Australian Employees of Apple stores go on Strike

Australian Employees of Apple stores go on Strike

The strike occurs as more US workers attempt to unionize

Apple is facing unionization initiatives across the board, not only among its retail staff. According to the New York Times, after talks for better compensation and working conditions stalled on Tuesday, 150 store employees went on strike for an hour. On Wednesday, they declined to offer a variety of services, including handling deliveries and fixing AirPods.

The striking workers demonstrated their support for labor unions and demanded a number of adjustments, such as pay raises and schedules with two consecutive days off. In negotiations with unions, Apple had raised the minimum wage to $27.64 AUD (approximately $17.35 US), but the Shop, Distributive and Allied Employees Association union referred to that as a "true salary drop" that failed to take inflation into account. This group demands a pay that is around $31 AUD ($19.53 US), which is what Americans make. The employees claimed that the existing scheduling makes weekends challenging.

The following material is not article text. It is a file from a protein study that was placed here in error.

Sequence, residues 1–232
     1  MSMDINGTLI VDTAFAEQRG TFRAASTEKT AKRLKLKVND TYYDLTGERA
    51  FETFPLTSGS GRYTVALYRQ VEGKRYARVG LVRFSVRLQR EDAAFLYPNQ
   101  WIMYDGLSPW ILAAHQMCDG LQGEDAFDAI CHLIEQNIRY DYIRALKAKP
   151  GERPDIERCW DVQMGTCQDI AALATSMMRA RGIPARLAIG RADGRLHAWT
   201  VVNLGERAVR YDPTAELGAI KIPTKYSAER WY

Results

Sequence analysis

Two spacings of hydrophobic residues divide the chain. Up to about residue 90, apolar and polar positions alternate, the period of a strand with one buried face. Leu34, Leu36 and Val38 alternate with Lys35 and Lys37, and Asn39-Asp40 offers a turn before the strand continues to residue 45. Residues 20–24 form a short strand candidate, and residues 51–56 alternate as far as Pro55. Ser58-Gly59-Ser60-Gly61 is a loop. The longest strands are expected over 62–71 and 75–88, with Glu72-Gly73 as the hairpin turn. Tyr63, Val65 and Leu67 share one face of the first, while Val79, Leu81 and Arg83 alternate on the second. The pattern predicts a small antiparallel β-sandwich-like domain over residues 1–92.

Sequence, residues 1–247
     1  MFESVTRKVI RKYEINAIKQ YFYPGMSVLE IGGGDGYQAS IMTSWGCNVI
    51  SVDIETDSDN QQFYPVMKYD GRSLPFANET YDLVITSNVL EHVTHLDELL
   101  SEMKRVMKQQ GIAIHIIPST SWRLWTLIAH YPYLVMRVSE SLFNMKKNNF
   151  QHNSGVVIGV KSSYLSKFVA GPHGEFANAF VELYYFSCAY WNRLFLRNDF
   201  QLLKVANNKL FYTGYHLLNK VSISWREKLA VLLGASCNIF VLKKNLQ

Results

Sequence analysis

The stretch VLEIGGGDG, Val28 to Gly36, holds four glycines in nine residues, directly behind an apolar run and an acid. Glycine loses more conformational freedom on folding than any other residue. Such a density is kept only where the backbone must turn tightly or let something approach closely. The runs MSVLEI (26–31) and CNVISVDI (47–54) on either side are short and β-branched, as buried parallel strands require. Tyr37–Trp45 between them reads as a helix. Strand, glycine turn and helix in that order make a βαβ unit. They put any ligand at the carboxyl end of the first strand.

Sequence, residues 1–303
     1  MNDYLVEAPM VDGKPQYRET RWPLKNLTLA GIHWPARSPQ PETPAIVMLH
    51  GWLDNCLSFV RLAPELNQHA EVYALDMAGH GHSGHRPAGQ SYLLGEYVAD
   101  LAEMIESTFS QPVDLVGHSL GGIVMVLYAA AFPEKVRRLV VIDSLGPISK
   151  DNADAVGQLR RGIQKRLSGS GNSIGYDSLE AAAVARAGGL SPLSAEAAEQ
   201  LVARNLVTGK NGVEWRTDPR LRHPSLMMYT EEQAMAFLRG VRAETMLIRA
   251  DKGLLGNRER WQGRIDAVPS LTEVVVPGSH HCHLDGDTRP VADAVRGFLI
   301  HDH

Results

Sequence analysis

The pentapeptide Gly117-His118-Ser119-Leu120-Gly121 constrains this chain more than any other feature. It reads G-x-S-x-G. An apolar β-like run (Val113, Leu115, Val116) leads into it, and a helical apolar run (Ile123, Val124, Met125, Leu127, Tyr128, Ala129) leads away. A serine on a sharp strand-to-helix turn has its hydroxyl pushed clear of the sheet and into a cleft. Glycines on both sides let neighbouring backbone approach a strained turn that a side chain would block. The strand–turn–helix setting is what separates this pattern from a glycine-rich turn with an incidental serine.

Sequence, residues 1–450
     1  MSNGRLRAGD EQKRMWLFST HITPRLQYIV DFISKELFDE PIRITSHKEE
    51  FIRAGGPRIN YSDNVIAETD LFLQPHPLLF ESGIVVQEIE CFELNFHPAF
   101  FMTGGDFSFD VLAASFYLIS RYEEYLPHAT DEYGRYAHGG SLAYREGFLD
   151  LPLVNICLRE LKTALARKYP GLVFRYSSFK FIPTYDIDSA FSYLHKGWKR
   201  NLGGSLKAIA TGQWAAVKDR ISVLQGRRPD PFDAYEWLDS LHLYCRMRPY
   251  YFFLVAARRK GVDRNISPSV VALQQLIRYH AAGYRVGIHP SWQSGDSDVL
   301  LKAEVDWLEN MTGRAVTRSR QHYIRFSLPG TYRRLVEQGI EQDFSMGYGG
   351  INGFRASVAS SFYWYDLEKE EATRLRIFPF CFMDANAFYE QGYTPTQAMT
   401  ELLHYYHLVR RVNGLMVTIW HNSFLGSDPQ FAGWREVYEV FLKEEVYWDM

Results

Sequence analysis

There are accusations Apple is employing anti-union strategies, same like in the US. The Association alleges that Apple obstructed attempts by labor organizers to poll workers in advance of negotiations. Apple allegedly pushed to hasten the voting on the agreement.

Apple claimed part-timers could designate four or more days of availability and refuted claims that it hurried the vote. Additionally, they receive two-week-ahead timetables. The iPhone manufacturer claims that it is "among the highest-paying" businesses in Australia and has made "several" enhancements to its benefits in a statement to The Times.

The labor unrest in the US contributed to the strike and task refusals. There, employees at an increasing number of Apple outlets have made different attempts to join unions. Although workers at a shop in Towson, Maryland, were able to unionize, rumors soon spread that Apple was allegedly withholding benefits while talks with the union were ongoing. The business appears to have promoted anti-union talking points that claimed formal representation may worsen circumstances in many of its outlets. Although it is not a given that American workers will strike like their Australian counterparts, it is clear that the outrage is growing.

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